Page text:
A filament leaving the Sun

Solar prominences are clouds of charged particles ("plasma") above the solar surface squeezed between magnetic regions of opposite polarity. Being cooler and denser than the plasma underneath and their surroundings, they appear as bright blobs when seen near the solar limb and as dark lines when seen on the solar disk (then they are called "filaments"). Special filters are required to observe these features, such as in the Hydrogen-alpha (H-alpha) line in the red part of the solar spectrum, or in some extreme ultraviolet (EUV) passbands.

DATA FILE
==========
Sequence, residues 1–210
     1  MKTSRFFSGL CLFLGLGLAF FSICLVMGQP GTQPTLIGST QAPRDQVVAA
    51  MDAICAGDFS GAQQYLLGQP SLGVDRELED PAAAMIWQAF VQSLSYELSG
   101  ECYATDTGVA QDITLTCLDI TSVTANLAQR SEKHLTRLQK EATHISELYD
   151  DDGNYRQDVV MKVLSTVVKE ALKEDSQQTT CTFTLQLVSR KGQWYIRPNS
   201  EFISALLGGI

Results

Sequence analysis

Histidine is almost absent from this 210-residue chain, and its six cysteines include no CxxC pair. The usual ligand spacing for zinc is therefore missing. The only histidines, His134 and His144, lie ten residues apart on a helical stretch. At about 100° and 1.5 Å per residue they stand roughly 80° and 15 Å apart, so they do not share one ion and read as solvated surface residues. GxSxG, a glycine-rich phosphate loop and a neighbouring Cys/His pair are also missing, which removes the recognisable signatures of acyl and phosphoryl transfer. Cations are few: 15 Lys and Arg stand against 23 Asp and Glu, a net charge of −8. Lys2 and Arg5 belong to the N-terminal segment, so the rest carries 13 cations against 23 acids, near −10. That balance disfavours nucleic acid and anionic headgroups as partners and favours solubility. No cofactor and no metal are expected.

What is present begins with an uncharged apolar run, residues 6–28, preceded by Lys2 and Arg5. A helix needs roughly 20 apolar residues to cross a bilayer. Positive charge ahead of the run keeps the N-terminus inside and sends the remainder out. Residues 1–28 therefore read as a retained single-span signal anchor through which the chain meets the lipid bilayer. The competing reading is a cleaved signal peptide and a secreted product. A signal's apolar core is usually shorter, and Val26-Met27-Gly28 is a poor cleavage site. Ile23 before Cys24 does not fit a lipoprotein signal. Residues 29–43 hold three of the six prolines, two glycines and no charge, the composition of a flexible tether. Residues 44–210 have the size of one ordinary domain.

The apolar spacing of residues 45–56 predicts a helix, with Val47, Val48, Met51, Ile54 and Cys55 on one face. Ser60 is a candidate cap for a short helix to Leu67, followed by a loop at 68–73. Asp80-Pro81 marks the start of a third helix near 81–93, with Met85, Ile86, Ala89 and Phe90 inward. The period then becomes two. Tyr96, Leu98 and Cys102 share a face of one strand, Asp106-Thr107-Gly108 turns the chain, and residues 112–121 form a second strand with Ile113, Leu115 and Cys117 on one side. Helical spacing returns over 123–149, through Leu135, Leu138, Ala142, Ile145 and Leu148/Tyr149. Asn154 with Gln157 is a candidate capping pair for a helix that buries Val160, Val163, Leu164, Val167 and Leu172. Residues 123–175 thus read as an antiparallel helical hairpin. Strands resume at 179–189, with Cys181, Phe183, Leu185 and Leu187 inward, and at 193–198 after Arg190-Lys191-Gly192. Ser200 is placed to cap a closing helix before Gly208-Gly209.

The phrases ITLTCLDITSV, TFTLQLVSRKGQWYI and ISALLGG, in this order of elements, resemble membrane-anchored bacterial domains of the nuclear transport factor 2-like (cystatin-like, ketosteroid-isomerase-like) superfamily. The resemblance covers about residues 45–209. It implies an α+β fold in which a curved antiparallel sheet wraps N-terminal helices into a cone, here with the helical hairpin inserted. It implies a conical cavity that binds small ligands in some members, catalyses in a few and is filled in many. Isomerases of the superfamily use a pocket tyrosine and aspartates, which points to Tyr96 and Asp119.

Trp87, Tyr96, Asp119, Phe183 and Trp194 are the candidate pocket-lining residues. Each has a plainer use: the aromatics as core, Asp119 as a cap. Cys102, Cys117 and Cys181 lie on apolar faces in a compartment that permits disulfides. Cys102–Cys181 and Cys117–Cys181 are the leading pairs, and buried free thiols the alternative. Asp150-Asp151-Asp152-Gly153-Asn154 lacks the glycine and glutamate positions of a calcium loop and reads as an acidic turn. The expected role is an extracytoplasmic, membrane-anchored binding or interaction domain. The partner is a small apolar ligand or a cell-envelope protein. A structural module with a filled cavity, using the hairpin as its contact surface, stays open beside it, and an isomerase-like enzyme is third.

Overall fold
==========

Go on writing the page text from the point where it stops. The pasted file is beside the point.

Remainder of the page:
Late on 2 February, a filament near the northwestern solar limb became unstable and visible as an eruptive prominence. The H-alpha image on 1 February clearly reveals the presence of a long but fragmented filament in the northern solar hemisphere. Two days later, the solar rotation had moved the solar filament much closer to the northwestern solar limb, where it erupted. Note also that the northen portion is involved in the process, with material raining back along the magnetic field lines onto the solar surface.


A coronal mass ejection (CME) was associated with this filament eruption, but is was very slow with a speed of only about 100 km/s. It was also not directed towards Earth.




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